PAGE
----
A lifetime, the gradual unfolding of bodily development, is actually a slow, lifelong explosion. After our reproductive prime, the body begins to fall apart. Then, when we die, this falling apart accelerates rapidly. With the advantage of time-elapse photography, we would see the body visibly exploding, its putrid froth seeping rapidly with the soil, air, and water that surrounds it.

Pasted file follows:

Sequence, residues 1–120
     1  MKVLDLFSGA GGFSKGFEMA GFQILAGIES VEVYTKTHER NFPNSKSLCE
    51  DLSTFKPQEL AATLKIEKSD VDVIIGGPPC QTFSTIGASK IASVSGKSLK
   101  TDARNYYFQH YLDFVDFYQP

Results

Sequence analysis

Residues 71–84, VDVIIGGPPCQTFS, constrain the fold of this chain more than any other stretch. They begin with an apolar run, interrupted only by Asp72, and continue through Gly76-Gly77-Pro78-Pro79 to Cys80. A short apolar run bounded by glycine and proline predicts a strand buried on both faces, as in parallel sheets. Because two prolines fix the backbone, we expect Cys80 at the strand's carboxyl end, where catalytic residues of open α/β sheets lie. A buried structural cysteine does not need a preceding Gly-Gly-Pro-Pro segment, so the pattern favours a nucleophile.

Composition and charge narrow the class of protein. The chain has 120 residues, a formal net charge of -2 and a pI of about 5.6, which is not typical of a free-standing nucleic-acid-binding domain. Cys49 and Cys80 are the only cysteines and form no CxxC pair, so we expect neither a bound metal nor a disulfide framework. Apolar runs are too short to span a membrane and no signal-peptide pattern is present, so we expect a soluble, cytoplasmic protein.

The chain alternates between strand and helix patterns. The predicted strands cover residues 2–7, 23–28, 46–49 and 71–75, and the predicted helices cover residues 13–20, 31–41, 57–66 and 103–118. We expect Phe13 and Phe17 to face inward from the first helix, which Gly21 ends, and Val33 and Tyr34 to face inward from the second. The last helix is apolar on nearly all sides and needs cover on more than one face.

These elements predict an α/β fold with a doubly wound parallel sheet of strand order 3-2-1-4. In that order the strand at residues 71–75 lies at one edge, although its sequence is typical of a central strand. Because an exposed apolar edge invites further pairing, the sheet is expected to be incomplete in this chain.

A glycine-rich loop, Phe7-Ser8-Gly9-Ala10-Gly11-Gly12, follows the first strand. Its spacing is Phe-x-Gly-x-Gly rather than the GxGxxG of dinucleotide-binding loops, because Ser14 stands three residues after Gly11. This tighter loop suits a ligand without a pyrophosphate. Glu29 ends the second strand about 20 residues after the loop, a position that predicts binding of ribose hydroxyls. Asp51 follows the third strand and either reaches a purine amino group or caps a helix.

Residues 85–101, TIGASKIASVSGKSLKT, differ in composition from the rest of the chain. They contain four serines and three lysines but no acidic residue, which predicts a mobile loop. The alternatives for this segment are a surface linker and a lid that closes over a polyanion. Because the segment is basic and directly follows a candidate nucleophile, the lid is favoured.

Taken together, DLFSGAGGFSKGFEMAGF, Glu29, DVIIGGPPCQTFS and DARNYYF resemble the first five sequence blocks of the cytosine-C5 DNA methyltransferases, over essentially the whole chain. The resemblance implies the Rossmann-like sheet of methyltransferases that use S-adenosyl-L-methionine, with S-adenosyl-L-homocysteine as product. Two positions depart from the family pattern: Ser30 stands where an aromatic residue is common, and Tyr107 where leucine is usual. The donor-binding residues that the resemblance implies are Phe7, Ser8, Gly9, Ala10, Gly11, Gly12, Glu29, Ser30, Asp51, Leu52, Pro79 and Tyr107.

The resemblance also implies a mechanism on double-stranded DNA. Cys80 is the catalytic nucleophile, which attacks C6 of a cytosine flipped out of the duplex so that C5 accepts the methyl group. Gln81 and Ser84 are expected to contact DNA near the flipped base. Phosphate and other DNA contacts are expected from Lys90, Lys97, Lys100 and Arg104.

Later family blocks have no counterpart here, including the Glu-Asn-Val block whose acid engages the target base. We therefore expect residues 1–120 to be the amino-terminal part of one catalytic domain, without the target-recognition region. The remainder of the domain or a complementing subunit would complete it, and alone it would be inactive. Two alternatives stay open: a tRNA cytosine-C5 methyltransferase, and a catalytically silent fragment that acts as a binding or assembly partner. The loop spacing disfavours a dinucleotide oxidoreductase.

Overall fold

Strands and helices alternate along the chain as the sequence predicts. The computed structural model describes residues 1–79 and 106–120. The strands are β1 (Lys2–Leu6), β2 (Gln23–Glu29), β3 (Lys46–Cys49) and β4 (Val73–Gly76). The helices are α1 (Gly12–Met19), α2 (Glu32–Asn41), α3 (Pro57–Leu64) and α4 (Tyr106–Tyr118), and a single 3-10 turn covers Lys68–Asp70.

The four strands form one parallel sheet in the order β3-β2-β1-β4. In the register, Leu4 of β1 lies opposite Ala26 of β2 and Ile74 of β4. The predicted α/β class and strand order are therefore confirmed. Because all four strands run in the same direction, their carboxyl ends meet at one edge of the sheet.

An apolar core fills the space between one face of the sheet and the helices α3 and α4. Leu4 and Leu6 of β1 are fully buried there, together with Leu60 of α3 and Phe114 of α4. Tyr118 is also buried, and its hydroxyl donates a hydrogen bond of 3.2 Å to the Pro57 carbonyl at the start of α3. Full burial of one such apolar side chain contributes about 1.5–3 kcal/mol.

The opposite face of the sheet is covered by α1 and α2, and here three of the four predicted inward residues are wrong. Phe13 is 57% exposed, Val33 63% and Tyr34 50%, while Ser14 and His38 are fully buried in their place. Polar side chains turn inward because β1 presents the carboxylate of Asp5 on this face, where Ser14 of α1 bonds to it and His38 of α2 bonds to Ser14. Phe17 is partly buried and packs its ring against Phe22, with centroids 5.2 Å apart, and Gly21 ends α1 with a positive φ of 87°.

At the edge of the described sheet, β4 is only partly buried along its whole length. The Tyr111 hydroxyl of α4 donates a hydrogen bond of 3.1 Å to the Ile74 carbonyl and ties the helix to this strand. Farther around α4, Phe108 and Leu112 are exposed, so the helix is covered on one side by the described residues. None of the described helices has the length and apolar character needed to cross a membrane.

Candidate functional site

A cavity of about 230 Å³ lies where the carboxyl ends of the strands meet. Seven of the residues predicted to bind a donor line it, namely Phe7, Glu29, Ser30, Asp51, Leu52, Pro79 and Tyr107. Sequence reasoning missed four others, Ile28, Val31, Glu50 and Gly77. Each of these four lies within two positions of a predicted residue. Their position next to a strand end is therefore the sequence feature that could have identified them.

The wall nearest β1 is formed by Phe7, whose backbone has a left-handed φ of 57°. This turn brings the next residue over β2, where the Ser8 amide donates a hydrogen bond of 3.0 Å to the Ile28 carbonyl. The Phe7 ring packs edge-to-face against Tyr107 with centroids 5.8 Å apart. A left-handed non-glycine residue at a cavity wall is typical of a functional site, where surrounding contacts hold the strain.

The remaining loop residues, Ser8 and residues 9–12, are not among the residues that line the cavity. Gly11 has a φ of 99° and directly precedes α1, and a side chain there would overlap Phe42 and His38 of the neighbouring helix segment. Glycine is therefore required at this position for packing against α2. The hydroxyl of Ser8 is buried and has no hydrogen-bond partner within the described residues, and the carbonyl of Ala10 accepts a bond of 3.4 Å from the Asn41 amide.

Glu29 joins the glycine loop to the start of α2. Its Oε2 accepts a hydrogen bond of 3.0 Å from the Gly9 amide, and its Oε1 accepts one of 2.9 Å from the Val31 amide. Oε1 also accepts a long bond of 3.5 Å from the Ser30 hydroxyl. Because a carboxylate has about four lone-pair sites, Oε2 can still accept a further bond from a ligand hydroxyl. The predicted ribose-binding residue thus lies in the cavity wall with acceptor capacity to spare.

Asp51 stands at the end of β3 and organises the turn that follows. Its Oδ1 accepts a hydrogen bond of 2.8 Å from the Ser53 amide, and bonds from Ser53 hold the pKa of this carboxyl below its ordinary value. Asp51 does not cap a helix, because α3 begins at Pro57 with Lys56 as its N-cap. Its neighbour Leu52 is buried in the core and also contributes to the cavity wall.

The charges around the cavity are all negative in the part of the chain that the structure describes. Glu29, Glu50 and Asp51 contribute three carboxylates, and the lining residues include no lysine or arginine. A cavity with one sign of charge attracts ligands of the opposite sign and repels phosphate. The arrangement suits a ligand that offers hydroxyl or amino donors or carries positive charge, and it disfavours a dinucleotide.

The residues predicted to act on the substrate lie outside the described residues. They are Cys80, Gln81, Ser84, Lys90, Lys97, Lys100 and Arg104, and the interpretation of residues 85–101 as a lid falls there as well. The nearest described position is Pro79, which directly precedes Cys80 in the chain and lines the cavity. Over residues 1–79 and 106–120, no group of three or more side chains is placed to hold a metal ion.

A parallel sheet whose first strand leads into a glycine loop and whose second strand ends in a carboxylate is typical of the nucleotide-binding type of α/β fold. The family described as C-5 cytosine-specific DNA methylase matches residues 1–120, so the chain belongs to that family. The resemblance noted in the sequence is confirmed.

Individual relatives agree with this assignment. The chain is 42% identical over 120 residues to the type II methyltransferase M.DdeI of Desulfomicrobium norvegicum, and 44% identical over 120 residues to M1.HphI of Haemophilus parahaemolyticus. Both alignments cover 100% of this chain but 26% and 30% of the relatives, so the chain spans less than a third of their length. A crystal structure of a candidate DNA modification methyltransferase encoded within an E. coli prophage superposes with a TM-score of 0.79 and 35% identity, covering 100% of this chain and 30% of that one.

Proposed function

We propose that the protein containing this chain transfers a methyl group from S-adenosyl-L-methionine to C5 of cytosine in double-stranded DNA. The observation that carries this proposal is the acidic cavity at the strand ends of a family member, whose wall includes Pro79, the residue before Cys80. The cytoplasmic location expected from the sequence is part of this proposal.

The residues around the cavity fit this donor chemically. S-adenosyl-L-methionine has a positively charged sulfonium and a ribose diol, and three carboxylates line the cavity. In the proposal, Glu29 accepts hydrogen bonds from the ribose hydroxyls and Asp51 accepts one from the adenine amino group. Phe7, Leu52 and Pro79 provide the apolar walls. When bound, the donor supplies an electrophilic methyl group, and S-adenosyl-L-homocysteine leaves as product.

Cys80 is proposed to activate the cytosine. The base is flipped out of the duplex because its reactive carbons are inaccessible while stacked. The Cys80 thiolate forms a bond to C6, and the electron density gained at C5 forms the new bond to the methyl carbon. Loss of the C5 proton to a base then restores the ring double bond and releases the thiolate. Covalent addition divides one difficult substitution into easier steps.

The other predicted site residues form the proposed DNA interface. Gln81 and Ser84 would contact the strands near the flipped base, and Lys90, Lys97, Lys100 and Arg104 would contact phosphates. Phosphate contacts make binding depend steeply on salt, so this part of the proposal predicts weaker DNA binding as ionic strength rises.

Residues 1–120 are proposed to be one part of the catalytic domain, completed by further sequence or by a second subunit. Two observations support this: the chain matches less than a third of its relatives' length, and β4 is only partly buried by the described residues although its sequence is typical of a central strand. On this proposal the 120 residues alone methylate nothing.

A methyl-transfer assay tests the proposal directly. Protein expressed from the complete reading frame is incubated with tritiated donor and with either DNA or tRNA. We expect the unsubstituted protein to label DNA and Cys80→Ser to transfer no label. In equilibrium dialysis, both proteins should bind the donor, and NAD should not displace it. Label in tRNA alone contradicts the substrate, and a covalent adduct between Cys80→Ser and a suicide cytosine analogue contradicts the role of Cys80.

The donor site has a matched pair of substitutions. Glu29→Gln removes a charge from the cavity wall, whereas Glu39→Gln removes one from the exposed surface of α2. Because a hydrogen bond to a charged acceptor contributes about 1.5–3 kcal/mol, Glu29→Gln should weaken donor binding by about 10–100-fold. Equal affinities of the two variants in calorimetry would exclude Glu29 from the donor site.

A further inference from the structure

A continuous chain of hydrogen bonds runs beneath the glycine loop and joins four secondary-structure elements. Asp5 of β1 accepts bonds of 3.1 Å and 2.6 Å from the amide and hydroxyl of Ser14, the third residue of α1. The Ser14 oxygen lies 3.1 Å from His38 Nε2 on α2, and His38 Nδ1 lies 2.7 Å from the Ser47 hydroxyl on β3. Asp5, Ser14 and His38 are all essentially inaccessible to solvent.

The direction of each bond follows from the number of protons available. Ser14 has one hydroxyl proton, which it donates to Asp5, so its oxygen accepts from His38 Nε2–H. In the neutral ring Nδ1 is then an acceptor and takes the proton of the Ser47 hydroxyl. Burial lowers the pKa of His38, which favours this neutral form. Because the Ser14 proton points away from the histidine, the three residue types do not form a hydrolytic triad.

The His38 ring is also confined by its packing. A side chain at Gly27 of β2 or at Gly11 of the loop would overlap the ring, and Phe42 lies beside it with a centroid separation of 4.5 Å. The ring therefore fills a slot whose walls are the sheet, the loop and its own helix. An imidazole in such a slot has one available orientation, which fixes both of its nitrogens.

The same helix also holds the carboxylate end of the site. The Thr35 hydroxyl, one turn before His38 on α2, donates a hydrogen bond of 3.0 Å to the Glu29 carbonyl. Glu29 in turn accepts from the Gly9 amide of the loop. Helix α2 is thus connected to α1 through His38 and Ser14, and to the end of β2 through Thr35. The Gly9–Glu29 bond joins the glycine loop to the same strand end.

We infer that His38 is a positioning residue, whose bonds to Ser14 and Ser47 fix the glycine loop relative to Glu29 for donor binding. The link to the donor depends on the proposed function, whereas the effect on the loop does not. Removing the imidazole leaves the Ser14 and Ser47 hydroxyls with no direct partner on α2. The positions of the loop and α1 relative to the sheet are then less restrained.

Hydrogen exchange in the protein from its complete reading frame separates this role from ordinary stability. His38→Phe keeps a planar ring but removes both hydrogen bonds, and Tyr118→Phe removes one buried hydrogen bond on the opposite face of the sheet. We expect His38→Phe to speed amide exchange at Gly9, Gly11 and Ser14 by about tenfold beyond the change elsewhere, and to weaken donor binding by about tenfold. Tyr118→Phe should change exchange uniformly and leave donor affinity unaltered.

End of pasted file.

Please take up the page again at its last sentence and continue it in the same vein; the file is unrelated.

But even now, in this moment, we are exploding; only in slow motion. But if we were able to see things as world-lines, a lifetime would look like a sausage “kerry” (the link between sausages)—a cloud of dispersed matter, followed by a short span of matter tightly packed, followed again by a cloud of dispersed matter again. And if we looked at the world-lines of the atoms that currently constitute us, we would again see lines from rain, to grass, to cow, to HEB, to fridge, and to mouth—that then swirl like eddies in our bodies for up to seven years, and then back out again. Our bodies contain their matter only temporarily. Which leaves you wondering where the notion of self-possession comes from.